Report Examines Paid Media Performance For Various Facebook 'Post Types'

FBengageAdvertisers that push paid media with organic content on Facebook are driving measurably higher results than singular social efforts, one report has found. But the success of a campaign can vary greatly by post type.

According to new ShopIgniter data released in August, “The 2013 Social Rich Media Benchmark Report” reveals more retailers and brands are shifting from “right-rail” ads to a native news feed experience as advertisers begin to think about mobile and desktop campaigns less unilaterally.

Evaluating a sum of 2,000 Facebook news feed posts, more than 2 billion impressions and post-click performance rates over the course of Q1 and Q2, ShopIgniter found that unpaid “status posts” generated, on average, five times more organic impressions than any other type of post, although the “viral” reach from likes, comments and shares was not substantial. Additionally, posts that included photos and links generated click-through rates of .07% and .06%, respectively.

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When paid media was introduced, “offer” posts, on average, resulted in the most organic and viral impressions. Although “status” posts generated 2.5 times fewer organic impressions when paid media was part of the mix, “photo” posts saw a sizable uplift in organic and viral impressions. Posts with video and offers saw 36% and 23% lifts, respectively, in viral impressions when paid media was part of the mix. SM2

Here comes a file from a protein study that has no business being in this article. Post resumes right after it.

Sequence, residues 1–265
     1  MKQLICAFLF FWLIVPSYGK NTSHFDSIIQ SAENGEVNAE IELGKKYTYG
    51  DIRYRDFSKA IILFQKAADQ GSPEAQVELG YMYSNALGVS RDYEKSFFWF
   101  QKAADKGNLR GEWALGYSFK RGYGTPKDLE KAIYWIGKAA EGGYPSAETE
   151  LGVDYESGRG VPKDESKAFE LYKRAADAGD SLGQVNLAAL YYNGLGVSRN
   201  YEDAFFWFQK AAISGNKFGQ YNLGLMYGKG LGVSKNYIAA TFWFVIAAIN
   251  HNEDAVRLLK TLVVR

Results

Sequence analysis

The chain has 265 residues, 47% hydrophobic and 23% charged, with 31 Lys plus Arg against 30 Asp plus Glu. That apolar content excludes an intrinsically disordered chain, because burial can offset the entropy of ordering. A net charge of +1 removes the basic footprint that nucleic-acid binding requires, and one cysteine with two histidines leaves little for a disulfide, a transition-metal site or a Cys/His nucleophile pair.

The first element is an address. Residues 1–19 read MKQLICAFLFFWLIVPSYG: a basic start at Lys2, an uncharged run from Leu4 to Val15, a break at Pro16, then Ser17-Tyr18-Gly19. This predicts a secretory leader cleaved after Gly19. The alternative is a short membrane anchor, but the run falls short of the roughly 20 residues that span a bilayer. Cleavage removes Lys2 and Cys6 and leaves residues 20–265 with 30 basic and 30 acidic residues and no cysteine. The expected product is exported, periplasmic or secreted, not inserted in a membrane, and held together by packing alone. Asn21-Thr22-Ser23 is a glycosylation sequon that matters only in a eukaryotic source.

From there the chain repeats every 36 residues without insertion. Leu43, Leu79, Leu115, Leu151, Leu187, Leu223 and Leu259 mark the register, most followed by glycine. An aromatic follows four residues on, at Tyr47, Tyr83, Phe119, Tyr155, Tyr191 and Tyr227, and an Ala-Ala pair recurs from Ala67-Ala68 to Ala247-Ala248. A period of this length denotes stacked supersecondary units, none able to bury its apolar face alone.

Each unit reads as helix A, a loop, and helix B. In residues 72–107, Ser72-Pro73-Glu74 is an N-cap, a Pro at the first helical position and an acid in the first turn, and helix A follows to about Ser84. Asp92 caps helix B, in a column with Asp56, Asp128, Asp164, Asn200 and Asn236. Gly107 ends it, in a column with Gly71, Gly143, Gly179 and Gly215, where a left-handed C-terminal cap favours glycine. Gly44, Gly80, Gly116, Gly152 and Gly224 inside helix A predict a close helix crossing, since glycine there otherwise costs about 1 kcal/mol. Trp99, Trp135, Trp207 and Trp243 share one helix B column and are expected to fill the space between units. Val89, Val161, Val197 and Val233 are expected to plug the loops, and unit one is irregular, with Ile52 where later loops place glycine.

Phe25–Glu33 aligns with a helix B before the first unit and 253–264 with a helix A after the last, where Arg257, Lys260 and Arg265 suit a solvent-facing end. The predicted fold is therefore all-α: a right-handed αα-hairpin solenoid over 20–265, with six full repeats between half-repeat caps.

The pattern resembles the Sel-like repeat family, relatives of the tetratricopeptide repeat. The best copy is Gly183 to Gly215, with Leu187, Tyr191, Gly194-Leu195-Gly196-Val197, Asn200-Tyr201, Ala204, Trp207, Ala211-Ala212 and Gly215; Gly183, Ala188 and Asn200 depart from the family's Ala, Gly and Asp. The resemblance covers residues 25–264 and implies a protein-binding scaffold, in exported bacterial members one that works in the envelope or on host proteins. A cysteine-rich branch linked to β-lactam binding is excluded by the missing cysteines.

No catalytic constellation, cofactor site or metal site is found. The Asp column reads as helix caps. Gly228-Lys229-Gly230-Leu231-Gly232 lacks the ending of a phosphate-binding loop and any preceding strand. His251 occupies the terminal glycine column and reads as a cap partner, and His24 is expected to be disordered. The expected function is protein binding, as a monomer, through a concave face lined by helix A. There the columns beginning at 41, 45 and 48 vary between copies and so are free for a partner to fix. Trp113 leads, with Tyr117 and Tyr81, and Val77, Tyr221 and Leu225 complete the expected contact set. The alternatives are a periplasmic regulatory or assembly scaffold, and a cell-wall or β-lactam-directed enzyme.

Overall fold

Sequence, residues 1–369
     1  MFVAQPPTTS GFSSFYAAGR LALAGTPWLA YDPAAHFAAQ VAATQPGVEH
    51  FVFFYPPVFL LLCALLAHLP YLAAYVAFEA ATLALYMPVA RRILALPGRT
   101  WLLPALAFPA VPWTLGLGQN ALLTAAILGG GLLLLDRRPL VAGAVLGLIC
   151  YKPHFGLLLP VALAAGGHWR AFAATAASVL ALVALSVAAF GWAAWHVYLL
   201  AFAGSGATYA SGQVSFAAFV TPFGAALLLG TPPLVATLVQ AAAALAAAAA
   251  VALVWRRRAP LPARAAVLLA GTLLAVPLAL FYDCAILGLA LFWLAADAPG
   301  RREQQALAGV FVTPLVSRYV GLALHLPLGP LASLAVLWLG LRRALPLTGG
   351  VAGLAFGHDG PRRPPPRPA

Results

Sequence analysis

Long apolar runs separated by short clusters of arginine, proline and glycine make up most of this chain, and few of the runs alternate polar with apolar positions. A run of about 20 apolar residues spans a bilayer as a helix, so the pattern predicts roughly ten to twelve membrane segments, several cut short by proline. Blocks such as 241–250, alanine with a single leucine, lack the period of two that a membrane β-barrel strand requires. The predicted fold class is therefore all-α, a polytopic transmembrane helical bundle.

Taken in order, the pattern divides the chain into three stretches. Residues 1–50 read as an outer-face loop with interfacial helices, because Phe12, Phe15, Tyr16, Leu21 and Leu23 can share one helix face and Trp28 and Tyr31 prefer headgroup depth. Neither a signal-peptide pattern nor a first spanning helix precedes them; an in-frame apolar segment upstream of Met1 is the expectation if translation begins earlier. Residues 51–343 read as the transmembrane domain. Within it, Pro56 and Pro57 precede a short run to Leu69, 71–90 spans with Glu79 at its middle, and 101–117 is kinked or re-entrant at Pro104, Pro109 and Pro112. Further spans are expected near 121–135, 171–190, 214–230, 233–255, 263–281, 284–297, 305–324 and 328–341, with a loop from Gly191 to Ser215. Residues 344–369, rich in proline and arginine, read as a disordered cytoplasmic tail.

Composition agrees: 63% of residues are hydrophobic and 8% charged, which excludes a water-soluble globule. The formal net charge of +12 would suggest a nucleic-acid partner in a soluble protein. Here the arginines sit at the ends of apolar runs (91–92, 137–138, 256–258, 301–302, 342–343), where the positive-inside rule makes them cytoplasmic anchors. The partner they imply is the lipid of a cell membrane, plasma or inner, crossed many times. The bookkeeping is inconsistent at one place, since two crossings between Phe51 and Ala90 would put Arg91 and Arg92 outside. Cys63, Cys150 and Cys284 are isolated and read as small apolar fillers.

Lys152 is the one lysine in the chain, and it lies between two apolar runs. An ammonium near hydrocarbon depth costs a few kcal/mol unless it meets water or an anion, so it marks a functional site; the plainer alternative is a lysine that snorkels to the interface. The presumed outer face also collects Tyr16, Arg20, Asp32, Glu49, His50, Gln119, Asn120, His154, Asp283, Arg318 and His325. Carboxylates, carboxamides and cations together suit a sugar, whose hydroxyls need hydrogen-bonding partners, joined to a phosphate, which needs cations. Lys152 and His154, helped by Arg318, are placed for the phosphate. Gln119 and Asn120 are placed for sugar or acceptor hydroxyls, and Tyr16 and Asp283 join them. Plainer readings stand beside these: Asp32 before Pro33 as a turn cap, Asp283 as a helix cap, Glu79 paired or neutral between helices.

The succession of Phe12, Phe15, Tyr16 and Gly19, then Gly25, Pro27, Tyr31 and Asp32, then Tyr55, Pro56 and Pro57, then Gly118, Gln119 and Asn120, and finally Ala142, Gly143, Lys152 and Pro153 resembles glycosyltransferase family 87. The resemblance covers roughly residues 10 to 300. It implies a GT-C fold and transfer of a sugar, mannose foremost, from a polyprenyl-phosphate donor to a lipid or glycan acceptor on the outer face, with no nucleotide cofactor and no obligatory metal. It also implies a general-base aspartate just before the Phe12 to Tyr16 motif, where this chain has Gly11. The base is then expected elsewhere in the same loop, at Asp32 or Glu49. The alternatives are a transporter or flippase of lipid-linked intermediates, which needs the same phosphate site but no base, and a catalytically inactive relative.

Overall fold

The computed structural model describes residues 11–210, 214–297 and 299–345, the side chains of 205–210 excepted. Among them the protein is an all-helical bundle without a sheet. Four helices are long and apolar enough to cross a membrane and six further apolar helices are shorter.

In addition to studying the effect post “type” has on organic vs. paid media, ShopIgniter looked at the performance of rich media on Facebook. It found such posts generated a 4.4% post-click conversion rate on Facebook.

There were various nuances to upticks in engagement. For instance, stories told using Facebook's Open Graph tool with large images and links performed more strongly on mobile as opposed to desktop’s strongest contender, photo posts in-body that included links.

ShopIgniter also broke down behaviors associated with “Stories” and “Consumption." Stories were defined as a series of actions that contributed to a post on a brand or engager’s Timeline, while Consumption was more of a one-time action, such as a click on a link or viewing a video.

When paid media was a part of the equation, consumption rates increased substantially for photos, remained the same for video and status updates and dropped for links. The recurring theme, then, is brands can’t take a one-size-fits-all approach to paid and earned media on Facebook, as each content type yields significantly different value for social advertisers.

 

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